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Scandinavia's Population Groups Originating from Developing Countries

Change and Integration

image of Scandinavia's Population Groups Originating from Developing Countries

Scandinavia’s foreign-origin population has steadily increased over the past six decades. Migration flows into the region have been linked to societal phenomena such as growing labour demands, family reunification and the acceptance of refugees fleeing wars and political conflicts. Whereas earlier migration streams were generally expected to integrate relatively easily, concerns about the current streams are high on the political agenda. This report is a cross-country research into selected key features of population change and the integration of population groups with roots in Iran, Iraq, Pakistan, Somalia, Turkey and Vietnam in Denmark, Sweden and Norway. The research has sought to achieve three objectives. The first is to determine how and when the groups came to the three Scandinavian countries and how they have since developed. The second is to analyze two aspects of the groups’ integration, namely their participation in education and their participation in the labour market. And the final objective is to provide a brief overview of the groups’ situation in each of the three countries with regards to economic development, immigration history and policy development.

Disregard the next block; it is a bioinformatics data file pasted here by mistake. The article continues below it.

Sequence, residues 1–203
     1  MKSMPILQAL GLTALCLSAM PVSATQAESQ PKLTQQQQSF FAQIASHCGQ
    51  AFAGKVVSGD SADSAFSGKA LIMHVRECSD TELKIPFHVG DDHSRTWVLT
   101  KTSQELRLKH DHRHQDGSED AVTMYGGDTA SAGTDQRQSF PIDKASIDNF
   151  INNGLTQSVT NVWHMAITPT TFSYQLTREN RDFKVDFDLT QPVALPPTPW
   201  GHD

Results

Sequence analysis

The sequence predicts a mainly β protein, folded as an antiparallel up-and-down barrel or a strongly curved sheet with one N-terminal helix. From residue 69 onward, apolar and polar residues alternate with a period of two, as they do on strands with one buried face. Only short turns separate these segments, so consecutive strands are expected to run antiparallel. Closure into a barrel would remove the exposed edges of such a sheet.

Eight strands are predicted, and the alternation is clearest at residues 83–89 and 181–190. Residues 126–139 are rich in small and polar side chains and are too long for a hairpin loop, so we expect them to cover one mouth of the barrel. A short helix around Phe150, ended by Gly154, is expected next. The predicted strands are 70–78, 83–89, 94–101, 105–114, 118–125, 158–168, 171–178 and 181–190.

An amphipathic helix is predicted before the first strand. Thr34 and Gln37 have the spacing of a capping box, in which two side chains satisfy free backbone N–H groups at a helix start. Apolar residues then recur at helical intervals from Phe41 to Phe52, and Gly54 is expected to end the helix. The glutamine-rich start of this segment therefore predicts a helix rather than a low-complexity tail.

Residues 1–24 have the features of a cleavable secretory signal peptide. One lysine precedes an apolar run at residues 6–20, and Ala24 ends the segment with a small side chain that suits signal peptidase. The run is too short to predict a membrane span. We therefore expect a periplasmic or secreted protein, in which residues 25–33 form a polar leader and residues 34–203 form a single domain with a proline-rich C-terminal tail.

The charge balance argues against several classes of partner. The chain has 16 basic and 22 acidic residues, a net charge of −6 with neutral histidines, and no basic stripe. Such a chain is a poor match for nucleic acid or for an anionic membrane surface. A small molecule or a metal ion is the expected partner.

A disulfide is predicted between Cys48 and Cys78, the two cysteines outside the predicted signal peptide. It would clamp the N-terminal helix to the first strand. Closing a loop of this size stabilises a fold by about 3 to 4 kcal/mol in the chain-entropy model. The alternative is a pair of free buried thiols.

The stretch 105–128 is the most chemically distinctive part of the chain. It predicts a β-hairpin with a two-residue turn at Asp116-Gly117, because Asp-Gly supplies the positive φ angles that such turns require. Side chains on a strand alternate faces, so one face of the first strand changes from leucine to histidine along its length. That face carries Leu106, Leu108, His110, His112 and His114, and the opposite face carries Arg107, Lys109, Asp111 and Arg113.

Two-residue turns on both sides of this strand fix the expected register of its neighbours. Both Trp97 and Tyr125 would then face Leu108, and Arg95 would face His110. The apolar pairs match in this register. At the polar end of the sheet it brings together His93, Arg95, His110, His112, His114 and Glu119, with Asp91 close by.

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Denmark

Until the late 1950ies, Denmark was characterized by net emigration and a relatively high unemployment rate. However, by the end of that decade, this situation had changed: high labour demands due to rapid post-war economic expansion triggered substantial labour immigration – mainly from Turkey, Pakistan, Yugoslavia and Morocco. Earlier immigrant cohorts had come almost exclusively from the developed countries, especially from other Nordic countries and from Germany.

English

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